Sturge-Weber syndrome (SWS) is a congenital neurovascular disorder characterised by capillary-venous malformations involving the skin, brain and eye. Patients experience headache, however little is known about its characteristics or associations. We aimed to estimate prevalence, associations and the impact of headache in children with SWS.
Case notes of all patients in a national tertiary paediatric SWS clinic were retrospectively reviewed. Patients were categorised into those with or without a history of headache, with an analysis performed of clinical stigmata of their disease and headache symptomology, associations and treatment. A multivariable logistic regression analysis was undertaken to elicit independent predictors of headache.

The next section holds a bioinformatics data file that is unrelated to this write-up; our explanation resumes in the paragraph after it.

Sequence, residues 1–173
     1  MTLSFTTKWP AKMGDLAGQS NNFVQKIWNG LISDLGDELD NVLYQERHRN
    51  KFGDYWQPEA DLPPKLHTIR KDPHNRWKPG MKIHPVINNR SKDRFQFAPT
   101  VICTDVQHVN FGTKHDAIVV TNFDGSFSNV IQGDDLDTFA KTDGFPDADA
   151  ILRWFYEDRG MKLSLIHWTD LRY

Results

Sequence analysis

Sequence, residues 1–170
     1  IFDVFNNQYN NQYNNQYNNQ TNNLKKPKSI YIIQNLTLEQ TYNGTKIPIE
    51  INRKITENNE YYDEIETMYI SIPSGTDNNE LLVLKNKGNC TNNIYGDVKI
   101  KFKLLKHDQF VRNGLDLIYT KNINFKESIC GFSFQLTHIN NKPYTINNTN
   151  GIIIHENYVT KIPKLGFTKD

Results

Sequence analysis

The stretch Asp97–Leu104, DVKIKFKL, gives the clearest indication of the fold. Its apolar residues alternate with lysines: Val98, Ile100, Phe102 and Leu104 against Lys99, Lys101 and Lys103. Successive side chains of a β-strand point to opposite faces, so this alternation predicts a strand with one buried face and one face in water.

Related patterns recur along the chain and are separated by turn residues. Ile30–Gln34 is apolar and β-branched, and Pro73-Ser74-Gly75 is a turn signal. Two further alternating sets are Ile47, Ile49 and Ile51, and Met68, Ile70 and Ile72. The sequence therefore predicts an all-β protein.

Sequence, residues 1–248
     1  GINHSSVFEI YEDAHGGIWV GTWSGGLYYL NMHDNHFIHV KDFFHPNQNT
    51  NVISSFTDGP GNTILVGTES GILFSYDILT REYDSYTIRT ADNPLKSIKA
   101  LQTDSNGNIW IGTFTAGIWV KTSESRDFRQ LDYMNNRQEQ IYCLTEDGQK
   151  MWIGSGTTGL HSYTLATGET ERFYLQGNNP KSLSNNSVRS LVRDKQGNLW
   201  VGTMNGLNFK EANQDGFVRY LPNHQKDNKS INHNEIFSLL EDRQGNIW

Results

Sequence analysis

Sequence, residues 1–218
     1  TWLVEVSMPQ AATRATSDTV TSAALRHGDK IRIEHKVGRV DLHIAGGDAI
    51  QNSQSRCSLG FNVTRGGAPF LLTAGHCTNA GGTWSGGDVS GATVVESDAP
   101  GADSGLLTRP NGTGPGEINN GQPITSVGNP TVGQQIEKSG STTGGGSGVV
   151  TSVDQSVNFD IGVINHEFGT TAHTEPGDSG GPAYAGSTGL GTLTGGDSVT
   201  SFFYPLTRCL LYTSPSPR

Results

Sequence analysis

37% of patients with SWS (n = 84) reported headaches that were variably associated with seizures, a preceding blow to the head and a minority had migraine features. In those reporting headaches, headaches interfered with daily activities of a quarter of the children and 39% experienced headaches frequently (more than 1/month). Headache was associated with glaucoma and aspirin administration while children with monoplegia and hemiplegia were less likely to have headache.
Headache is common in children with SWS, often without classical migraine features and affects daily activities. Awareness of headache and its associations in SWS may improve management of this complex population.
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